Idol vs. Artist
Being an idol and being an artist is not the same.
If I would have to put it into one sentence, I’d say the difference between idols and artists is that idols go with the trend using talents to satisfy the fans, while the artists go with the avant-garde, creating thing based on their own idea by themselves, regardless of other people opinions and with a lot of (financial difficulty, fameless) risk. Of course it’s not as simple as that.
Ability can be hidden very well, for a very long time. Since there are a lot of people dreaming to be an artist, there is a lot of competition. That’s one of the reasons why there are so many unemployed artists, who have a hard time earning enough money and feed themselves. Also they may never gain (enough) recognition, or if they finally do it might be only after their death. Any kind of art can be cruel and a difficult path to walk on. As for idols: Some idols started out as trying to become artists as well, but considered giving up (part or their) freedom for a higher chance to secure enough income to cover their living expenses. Talent agencies/entertainment companies normally don’t care much about their talents’ thought, unless they are a company with mainly artists and not concentrating on certain trends, but on how to promote and help their artist to make a living. Normally making money comes first. And depending on the company its either profit orientated or “existence” orientated. They are a company after all. Entering a company as a trainee is only the very first step and no guarantee to ever be able to debut. Even a person with stunning talent may end up not being able to debut to various reasons (no stage presence, stage fright, unable to adapt to any concept, problems within the company etc.) or having to drop their carrier and passion later on for some reason.
Playing safe, reusing ideas and styles are traits quite common within money-orientated companies. Just taking a fast and absconding look at the Korean music market (which is not the only market working that way) it’s obvious how entertainment business have some well running bandwagon that everybody tries to jump on (such as a certain music-style “same company – similar sound” or genre , acting cute/sexy, a certain image etc.) Well, playing safe surly has several advantages, but kind of loses out when it comes to creativity. Experimenting would be the cleverer choice in terms of art. What some companies seem to forget is that even idols (at least if they have some experience) know what works best for them: their own ideas and concepts. Having an idol experiment with their own ideas is a risk that many companies don’t like to take; especially if the pressure and concurrence on the market is high. So rather than blaming the idols, people should start thinking about the management (but also about how the management has to react to the situation of the music market). And: idol is not an equal of untalented. They are just caught in the market’s clockwork and seem to be unable to develop their talents and ideas fully. I feel: Rather than raising money the focus should be on raising artists. Always sticking to what seems safe and promoting it as the non-plus-ultra leads to be lacking creativity and lets the spirits (ambition, dreams, hard work, motivation) die.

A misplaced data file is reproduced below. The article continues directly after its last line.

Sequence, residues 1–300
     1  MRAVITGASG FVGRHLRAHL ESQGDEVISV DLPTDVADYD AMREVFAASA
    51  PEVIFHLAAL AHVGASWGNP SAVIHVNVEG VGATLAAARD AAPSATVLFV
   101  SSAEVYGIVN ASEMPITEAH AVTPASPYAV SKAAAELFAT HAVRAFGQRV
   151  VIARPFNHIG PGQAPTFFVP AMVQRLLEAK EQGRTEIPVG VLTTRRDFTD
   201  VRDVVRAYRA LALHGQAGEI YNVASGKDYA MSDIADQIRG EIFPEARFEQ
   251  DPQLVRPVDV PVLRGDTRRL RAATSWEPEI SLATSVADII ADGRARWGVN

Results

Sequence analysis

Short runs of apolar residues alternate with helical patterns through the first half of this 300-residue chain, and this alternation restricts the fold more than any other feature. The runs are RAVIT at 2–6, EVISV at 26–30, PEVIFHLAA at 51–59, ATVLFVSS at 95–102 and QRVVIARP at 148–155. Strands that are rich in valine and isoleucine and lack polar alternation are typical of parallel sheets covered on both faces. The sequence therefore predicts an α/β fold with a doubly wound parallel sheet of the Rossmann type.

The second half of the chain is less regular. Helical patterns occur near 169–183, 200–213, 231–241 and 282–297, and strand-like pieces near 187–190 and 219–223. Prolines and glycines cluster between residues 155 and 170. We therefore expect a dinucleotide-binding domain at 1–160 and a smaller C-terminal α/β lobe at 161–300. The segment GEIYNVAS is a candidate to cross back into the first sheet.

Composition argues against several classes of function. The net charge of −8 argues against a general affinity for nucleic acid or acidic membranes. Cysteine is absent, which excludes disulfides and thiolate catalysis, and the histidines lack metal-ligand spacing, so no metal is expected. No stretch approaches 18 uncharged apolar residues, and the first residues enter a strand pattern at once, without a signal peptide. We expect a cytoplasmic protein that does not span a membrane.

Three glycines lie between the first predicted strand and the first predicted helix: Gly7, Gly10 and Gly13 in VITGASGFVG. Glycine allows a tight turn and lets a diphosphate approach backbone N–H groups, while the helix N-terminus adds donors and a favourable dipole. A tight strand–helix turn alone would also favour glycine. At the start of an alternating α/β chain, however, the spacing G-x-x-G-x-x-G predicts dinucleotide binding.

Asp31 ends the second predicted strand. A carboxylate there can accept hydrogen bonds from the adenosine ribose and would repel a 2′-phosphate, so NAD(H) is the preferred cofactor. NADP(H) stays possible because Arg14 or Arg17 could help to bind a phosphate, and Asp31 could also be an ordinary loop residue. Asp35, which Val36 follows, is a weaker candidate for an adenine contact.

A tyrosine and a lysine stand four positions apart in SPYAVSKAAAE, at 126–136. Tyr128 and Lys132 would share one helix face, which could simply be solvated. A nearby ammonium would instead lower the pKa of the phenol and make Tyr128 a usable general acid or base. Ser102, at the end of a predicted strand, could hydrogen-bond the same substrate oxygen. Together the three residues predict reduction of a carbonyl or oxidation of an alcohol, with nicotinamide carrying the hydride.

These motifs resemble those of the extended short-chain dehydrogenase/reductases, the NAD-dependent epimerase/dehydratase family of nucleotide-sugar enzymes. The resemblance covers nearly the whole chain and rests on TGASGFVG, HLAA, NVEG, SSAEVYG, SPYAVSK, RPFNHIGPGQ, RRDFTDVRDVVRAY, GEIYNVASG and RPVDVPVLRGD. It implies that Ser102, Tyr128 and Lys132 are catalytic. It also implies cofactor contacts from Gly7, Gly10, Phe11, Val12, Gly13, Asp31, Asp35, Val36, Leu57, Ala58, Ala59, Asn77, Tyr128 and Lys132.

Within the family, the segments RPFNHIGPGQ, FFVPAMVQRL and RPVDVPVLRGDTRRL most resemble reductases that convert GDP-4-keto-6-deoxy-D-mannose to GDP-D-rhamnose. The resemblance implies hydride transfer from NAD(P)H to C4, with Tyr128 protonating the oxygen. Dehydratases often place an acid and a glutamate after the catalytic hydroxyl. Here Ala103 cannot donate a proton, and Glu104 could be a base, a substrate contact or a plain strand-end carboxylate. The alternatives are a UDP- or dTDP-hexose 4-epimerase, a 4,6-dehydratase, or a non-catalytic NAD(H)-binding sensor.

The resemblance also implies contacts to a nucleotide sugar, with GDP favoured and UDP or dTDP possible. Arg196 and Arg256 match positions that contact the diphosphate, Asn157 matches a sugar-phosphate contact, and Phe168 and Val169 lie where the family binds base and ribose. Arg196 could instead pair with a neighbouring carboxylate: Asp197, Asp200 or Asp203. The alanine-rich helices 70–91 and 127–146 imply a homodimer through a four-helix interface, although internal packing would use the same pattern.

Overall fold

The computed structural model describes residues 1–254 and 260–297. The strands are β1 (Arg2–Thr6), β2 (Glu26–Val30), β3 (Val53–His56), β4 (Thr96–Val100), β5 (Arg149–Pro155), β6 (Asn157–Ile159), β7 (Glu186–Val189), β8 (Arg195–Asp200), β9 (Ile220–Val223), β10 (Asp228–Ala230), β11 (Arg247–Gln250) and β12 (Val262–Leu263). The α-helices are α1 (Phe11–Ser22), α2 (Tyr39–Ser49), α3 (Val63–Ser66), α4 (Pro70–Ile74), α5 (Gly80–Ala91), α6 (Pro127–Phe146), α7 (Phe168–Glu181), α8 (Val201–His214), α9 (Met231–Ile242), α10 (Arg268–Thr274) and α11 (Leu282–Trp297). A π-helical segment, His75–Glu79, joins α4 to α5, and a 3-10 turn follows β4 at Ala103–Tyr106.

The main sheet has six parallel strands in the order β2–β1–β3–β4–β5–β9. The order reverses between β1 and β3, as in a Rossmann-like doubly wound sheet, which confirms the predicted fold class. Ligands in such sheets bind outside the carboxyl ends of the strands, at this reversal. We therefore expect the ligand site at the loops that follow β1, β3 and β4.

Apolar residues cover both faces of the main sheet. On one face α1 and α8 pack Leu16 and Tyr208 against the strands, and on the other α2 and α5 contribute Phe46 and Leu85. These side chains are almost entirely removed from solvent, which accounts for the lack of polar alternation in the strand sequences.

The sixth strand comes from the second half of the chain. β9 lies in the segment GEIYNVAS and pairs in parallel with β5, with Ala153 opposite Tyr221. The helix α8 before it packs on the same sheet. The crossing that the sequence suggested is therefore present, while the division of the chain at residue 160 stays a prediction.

Of course it’s not only the companies who are at fault, but also the fans. Regardless of who they want to support and why, they should keep in mind that buying an album/fanartical always sets a statement. The simplest one is:”I support them.” But it’s also:”I support their music” (even if you only bought the CD to support the persons themselves but actually not their music at all, the company doesn’t have an extra statistic for that). Worse than that are the frequently read comments on songs/albums/MVs:”It’s good because it’s by XXX” etc. Just because it’s by XXX it doesn’t mean it’s good at all. Fans need to do more constructive criticism and be more objective about quality and if necessary say it clearly as:”Even though I like them, they didn’t do a good job this time”. Don’t favor something that was not well done just because it was done by your favorite. It only makes you seem like a person who lacks the ability to form an independent opinion.
Growing from an idol to an artist is possible and something that is worth trying. Not only as a singer going solo after quitting an idol group (or similar paths to walk), but also more experimental ones or simply reducing commercial characteristics seems to be a good point to start out on as well. People seem to overlook that for example a boy/girl group has certain charms that would work well within an artistic and experimental style. Combining acoustic /a-cappella with dance and with all the aspects of being an idol group seems tempting and interesting (at least it does to me). “Idol” and “artist”: They may be regarded as paradox together, but I am positive it’s possible to combine them, even though it will be a tightrope walk.
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